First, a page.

Even if you own the iPhone 4S, you may not know ‘Siri’. And if you don’t already have the 4S, you might only know about Siri, if you do at all, through hearsay, abundant resources online introducing you to Siri, or a phone belonging to someone else. You may, on the other hand, use Siri regularly and effectively and, in that case, you’re ready to optimize your Siri use for travel. Siri is, in a nutshell, a voice-driven, personal assistant software built into the 4S. Siri doesn’t know the useful answer you’re looking for to every question you ask and calling upon Siri doesn’t always save you time – it depends. But Siri can do most things a real-life personal assistant can do, and more. Some of Siri’s functions can and will help you to make your travel experiences less stressful, more efficient, and, I daresay, better. By simply pressing and holding down the home button on the 4S, Siri comes to attention. And if you get to know Siri well enough, Siri will help you to travel smarter in 2012.Navigation and safety
While traveling, you’re not always in a safe position to be fussing over your GPS, especially not if your GPS is built into your phone. Distracting yourself with GPS can lead to avoidable accidents, no matter what sort of vehicle you’re captaining. Siri is hooked up with Maps and can walk you through step-by-step directions, from beginning to end, all through voice command.
No matter how much preparation you do, wasting time while traveling is nearly inevitable. You will, pretty much invariably, find that you need something in an area you are unfamiliar with while traveling and, if you’re anything like me, waste time trying to find it. Unlike a lot of voice command systems, Siri doesn’t need you to use specific phrases. If you need to find the nearest gas station, Siri will quickly present a list of nearby gas stations when you simply say, “gas station.” This feature isn’t just for filling up, though. Siri will just as quickly aid you in locating the nearest restaurant, day care, bar, or whatever else you need to find. Siri takes this process a step further by offering you results sorted by ratings. Command Siri to find you the “Best Thai restaurant in Austin” and you’ll know what I mean.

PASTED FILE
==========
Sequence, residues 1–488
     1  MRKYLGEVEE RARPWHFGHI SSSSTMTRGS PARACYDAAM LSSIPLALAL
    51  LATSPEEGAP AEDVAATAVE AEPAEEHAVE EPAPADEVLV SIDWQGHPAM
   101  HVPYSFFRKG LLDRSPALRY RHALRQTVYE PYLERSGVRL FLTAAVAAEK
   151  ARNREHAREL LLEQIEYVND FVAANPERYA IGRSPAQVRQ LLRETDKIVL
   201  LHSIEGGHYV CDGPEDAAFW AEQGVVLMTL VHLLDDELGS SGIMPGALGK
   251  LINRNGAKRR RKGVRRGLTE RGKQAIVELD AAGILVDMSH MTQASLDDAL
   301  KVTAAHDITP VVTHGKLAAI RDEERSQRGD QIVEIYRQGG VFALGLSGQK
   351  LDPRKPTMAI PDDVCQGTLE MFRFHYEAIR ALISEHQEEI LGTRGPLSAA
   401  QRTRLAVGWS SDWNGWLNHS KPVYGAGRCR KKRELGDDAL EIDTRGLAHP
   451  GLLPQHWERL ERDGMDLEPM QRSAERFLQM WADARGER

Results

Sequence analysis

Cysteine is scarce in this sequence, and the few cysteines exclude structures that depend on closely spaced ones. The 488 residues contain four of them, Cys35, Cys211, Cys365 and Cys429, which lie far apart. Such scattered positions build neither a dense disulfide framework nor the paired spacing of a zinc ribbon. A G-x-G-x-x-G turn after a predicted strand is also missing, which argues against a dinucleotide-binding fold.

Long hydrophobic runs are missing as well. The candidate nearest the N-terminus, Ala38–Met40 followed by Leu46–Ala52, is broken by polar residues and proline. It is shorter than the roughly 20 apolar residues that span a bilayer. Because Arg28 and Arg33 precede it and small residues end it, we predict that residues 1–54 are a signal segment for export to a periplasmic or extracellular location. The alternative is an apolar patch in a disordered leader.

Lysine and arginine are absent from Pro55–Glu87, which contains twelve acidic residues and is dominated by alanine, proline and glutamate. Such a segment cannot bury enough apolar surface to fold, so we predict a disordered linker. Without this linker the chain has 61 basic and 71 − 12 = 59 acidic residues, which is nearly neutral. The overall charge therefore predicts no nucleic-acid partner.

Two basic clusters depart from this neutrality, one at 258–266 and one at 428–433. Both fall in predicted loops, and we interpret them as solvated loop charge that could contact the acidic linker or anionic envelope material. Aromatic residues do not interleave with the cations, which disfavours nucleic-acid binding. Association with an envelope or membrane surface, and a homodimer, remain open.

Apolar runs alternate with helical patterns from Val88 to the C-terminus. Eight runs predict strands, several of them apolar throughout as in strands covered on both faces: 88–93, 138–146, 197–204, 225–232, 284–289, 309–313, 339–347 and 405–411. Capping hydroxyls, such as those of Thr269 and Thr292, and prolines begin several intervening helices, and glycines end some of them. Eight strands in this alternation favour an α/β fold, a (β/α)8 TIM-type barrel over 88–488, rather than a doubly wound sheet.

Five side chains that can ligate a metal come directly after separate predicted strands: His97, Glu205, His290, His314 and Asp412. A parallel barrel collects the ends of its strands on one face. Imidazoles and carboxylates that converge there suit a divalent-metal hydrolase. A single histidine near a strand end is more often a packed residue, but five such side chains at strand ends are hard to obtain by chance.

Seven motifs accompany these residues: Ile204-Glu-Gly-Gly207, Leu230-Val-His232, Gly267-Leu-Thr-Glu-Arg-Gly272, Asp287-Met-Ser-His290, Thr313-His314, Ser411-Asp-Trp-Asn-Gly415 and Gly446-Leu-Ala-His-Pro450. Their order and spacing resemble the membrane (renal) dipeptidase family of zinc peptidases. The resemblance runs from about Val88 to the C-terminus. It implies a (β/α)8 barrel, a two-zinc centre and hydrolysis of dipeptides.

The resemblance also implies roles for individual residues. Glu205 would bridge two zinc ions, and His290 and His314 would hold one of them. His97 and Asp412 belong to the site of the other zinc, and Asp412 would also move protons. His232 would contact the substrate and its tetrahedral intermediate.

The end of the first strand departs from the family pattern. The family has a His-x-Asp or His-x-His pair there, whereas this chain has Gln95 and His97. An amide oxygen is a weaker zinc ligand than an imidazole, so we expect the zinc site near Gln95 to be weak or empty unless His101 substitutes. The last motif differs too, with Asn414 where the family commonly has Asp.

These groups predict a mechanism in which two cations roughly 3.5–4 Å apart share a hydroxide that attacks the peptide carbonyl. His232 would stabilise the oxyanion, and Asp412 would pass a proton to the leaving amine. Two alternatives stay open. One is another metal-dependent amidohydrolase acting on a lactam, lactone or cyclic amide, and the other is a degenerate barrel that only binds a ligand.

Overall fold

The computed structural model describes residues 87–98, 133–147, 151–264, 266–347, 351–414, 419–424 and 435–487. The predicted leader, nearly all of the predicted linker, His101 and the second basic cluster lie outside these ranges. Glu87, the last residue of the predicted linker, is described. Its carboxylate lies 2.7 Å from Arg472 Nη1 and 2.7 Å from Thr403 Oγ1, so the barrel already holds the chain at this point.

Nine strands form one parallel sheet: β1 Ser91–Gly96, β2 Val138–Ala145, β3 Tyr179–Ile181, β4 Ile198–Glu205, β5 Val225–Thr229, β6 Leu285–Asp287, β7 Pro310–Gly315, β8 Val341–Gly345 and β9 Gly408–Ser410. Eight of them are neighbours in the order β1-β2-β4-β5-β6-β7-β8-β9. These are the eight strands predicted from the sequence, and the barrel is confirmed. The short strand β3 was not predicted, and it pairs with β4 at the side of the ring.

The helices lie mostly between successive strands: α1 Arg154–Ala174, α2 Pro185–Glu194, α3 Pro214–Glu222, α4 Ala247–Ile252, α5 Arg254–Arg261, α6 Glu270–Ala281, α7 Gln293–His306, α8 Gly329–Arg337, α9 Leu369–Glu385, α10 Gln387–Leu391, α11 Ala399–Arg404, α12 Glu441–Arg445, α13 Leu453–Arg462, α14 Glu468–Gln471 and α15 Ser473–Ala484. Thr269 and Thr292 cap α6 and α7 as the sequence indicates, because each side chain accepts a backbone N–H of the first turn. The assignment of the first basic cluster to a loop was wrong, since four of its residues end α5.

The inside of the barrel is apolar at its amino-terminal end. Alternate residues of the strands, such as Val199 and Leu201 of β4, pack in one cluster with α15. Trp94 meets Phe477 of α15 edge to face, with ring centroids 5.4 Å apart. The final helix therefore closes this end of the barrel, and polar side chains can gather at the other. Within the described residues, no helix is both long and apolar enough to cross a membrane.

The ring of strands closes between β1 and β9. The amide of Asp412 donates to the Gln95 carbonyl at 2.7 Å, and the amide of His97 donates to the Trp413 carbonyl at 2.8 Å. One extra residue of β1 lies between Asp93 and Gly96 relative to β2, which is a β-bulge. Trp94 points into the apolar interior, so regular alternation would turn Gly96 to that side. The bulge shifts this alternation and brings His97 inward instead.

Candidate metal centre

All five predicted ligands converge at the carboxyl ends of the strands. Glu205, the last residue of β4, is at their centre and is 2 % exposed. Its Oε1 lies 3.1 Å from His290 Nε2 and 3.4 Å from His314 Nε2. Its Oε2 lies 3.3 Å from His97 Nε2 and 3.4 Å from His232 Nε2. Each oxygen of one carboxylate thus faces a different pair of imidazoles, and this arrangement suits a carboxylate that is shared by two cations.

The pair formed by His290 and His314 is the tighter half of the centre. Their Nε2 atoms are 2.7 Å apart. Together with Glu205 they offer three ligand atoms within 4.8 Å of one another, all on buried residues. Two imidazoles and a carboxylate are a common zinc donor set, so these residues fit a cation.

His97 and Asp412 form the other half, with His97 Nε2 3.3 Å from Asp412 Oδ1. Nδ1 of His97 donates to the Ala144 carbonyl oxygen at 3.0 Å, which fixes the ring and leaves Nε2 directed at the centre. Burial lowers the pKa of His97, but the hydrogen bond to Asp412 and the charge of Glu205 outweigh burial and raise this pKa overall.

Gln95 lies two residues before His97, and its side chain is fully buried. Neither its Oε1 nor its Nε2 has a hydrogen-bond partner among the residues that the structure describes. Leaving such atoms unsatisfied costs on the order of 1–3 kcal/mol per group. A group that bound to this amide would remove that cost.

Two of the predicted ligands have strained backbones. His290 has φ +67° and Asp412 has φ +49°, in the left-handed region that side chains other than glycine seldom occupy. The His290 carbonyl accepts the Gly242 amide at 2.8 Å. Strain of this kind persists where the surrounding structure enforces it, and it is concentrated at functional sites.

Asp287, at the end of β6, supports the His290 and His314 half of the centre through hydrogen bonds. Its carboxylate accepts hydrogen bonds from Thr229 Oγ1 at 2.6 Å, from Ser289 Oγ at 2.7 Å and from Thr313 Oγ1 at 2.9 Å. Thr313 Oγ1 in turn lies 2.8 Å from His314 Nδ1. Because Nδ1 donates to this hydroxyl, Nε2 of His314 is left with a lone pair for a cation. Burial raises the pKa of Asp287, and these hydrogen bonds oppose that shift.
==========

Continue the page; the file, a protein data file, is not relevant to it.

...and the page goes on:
“Call 911.” Say that to Siri and Siri will do just that. When in less dire need, Siri can easily pull up lists and reviews of nearby medical professionals, car mechanics, vets, or anyone else you may need to contact in an emergency situation.
Siri can help you figure out where to go and how to get there. Phrases like these can possibly work well with Siri:
Traveling personal assistant
Siri is recognized, most generally speaking, as a robotic personal assistant. Relying on Siri to perform such tasks yields a decent job done. Having a personal assistant traveling with you can help ease the common stress associated with travel. Phrases like these can work with Siri:
“I am seeing a show on Friday night at 9 p.m.” Siri will put this in your calendar.
“Remind me at 10 a.m. to book my flight.” Siri will put this in your reminders.
“Wake me up at 7 a.m. to check out.” Siri will set this alarm for you.
“Add toothpaste, umbrella, and socks to my packing list.” Siri will add these items to a list in your notes.
More than anything, Siri seems to me like what Siri actually is: the iPhone’s first attempt at creating a little robot that any iPhone 4S owner can use to better manage traveling, and, of course, life in general.